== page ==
This article originally appeared on athletics.org.au – home of Athletics Australia: http://athletics.com.au/News/hall-jamieson-and-scriven-how-a-record-was-broken
When Linden Hall became the fastest Australian female over 1500m in history at Hayward Field, one of the most iconic arenas in athletics, it wasn’t just an historic 4 minutes. It was the culmination of years of audacious planning.
Hall’s meteoric rise of over the last few years began in the much more humbler settings of quiet cafes of South Yarra and Albert Park where she and coach Bruce Scriven would analyse and review her training.
Known for his witty remarks, a conspicuous laugh and a series of caps from around the globe, Scriven, the Geelong-based stalwart, has spent decades standing trackside, offering up a wealth of knowledge that has led to success for Hall who joined his group in mid-2015.
Scriven also bears a unique tie to former 1500m record holder Sarah Jamieson, having coached her from 2003 to 2007, leading to Commonwealth Games silver in 2006, and an Australian record in Stockholm that same season.
The interconnectedness between the three individuals began in 2010 when Jamieson coached Hall for 18 months. When Jamieson moved to Perth in 2011 for family reasons she encouraged Hall to move to Florida State University to continue her development.
On her return to Australia in 2015, Hall, with advice from Jamieson, joined Scriven’s group in Melbourne where she renown for a ferocious training intensity.
Highlighting the bond between the two, Hall messaged Jamieson immediately after her record-breaking run and described the pair’s excitement and the role the now West Australian-based mentor plays.
“Back in 2010 she really opened my eyes to the world of professional running and the experiences that come with it, and these days she’s a key part of my team. She’ll often get a call when I’m making decisions around racing or having a rough patch”.
Hall explains that Jamieson adds an “extra layer of confidence” to her racing.
Hayward Field has proved a happy hunting ground for Hall as the 26 year-old set her previous personal best at the same stadium. In the midst of a bus ride back to Portland, Hall found time to reflect on what breaking the record meant to her, and how today’s race presented itself.
“I feel like I was really able to run how I’d planned to – I wanted to put the clock out of my mind and really race, get among the front half of the race.”
Hall endured a nervous wait upon finishing, as the top five results flashed on the scoreboard instantly, there was an agonising wait for Hall’s sixth place time to appear. Seeing the fifth placed Winny Chebet’s (KEN) time of 4:00.60, Hall knew it would be close.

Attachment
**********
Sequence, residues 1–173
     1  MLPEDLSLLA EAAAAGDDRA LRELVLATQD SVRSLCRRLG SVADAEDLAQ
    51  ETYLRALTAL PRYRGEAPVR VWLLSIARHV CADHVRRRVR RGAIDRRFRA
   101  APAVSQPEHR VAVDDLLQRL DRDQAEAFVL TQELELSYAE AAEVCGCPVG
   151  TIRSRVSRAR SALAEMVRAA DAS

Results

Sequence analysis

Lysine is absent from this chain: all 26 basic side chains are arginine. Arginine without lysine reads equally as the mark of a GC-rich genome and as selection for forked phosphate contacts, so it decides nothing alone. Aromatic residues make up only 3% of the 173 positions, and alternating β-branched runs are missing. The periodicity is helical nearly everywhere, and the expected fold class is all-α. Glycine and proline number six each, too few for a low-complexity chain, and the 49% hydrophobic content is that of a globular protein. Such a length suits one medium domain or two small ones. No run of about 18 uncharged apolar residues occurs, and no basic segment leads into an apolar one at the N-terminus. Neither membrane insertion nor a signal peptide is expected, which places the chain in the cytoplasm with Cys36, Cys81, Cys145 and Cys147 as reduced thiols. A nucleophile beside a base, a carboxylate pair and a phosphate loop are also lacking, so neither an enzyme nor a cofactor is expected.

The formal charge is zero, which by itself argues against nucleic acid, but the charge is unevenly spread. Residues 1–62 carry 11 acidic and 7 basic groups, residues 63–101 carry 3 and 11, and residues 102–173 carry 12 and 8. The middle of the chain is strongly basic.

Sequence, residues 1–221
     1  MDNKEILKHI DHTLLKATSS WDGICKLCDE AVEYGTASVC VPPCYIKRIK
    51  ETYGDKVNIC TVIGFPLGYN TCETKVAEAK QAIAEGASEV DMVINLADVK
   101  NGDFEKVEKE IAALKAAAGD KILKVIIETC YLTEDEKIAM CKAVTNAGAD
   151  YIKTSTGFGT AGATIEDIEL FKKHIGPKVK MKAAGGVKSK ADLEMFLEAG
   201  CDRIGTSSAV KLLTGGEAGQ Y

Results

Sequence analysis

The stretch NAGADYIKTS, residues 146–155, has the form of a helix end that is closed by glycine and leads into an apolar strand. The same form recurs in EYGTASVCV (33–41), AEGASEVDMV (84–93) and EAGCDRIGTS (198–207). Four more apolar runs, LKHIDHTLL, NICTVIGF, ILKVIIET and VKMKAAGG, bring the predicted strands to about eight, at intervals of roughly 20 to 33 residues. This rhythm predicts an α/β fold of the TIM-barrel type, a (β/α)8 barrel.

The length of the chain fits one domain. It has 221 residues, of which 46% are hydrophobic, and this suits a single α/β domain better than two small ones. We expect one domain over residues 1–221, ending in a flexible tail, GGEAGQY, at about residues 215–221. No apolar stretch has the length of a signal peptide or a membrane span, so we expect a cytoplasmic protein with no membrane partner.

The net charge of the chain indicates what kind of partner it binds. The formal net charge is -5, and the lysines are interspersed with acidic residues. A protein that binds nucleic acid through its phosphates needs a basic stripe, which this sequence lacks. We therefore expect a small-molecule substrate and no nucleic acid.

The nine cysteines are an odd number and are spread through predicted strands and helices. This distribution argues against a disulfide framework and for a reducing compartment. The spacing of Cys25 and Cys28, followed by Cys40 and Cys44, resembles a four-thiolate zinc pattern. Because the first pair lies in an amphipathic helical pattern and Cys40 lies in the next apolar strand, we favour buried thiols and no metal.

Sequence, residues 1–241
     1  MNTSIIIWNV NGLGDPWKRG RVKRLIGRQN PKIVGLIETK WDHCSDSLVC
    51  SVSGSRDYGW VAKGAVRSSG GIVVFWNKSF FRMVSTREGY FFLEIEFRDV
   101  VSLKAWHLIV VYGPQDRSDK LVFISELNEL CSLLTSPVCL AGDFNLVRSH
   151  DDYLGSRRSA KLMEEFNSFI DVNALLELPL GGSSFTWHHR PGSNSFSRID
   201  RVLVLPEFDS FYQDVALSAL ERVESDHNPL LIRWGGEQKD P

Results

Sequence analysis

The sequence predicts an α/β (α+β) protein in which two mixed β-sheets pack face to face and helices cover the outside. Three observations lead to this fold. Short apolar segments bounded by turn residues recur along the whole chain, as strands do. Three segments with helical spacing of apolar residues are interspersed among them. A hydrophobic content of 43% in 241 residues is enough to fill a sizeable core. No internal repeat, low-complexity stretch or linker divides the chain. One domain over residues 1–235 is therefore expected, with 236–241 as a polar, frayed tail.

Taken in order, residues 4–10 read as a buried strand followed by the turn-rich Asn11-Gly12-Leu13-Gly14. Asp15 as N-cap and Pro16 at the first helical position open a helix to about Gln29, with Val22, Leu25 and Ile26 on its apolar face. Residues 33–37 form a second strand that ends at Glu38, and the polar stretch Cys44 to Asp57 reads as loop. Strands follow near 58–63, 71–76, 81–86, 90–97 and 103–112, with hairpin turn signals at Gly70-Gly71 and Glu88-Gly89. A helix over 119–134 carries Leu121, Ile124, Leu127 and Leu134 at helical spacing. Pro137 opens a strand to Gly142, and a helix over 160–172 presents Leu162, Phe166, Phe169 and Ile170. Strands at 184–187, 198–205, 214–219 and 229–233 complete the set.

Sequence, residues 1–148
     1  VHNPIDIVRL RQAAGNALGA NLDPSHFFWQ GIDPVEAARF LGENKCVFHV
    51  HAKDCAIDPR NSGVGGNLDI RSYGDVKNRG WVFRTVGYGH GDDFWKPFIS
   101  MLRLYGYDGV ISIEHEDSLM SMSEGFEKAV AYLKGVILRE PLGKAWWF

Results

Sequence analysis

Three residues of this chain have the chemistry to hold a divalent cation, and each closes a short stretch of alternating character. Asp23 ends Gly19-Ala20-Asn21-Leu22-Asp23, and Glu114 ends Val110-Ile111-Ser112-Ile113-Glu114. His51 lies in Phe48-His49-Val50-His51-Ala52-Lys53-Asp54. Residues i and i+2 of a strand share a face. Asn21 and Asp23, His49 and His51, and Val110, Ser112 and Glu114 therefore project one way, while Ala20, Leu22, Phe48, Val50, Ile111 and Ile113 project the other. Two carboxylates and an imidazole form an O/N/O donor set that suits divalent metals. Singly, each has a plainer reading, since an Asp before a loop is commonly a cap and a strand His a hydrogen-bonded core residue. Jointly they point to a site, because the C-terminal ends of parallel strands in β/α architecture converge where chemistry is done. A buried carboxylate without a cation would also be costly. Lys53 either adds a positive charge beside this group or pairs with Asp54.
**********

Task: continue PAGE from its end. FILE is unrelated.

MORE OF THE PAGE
“PBs always feel good, and this was no exception. I felt good when we hit the bell, which is always a good sign. I had a few cues I’d worked on with our VIS sports psych around my last 300 which was really helpful today.”
Hall jokingly remarked that prior to today’s run she had long been ranked third in Australia, and third behind fellow Athletics Essendon club members, Margaret Crowley and Jamieson, a training group quip now edited.
Jamieson was ecstatic for Hall, saying “I’ve been a part of Linden’s journey for many years now, and I’ve always felt a real attachment to her. She’s such a lovely girl and I couldn’t be happier for her.”
Looking to the remainder of the season, Hall is filled with excitement, “Moving forward, I’m hoping it might open some doors to some more top quality races like today’s. To run a time like this early in the northern hemisphere summer is exciting because there are so many more race opportunities to come this season still!”
With three legs of the IAAF Diamond League tour completed, Hall can realign her focus to the points on offer, as she attempts to qualify for the Diamond League final for the women’s 1500m which will be held in Brussels.
“I’d love to qualify for finals, so it’s nice to have some points on the board from today to work towards that.
“I’m also keen to run another 5k after my first real attempt at Hunter back in January, it’s just a matter of finding one that fits the schedule.
Jamieson mirrored Hall’s comments, describing the confidence that comes with being able to plan a European season in earnest, knowing a time will gain you entry to the top-tier meets.
“It’s great that Linden can really lock in and focus on running fast this year, I think her last lap today showed that she’s really strong right now, and could go even faster over 1500 or the 5k.”
Hall was overwhelmed checking her phone following today’s race, as messages of congratulations poured in and the articulate 26-year old was eager to thank her well-wishers and support group.
“There are so many people to thank. Of course Scrivo, assistant coach Dimmi, the VIS staff, NSWIS’ Ned Brophy-Williams, the whole wolfpack [Hall’s Melbourne training group] – especially those who’ve done all my sessions with me! [Sarah] Jamo as mentioned earlier, and everyone I’ve been up in Flagstaff training with. It has been a great setup whilst preparing for this weekend”.
Hall will enjoy the Prefontaine Classic’s hospitality, indulging in a brief shopping trip to the Nike headquarters, before returning to Flagstaff to continue with high-altitude training until 8 June where planning for the remainder of the European season begins for the newly crowned record-holder.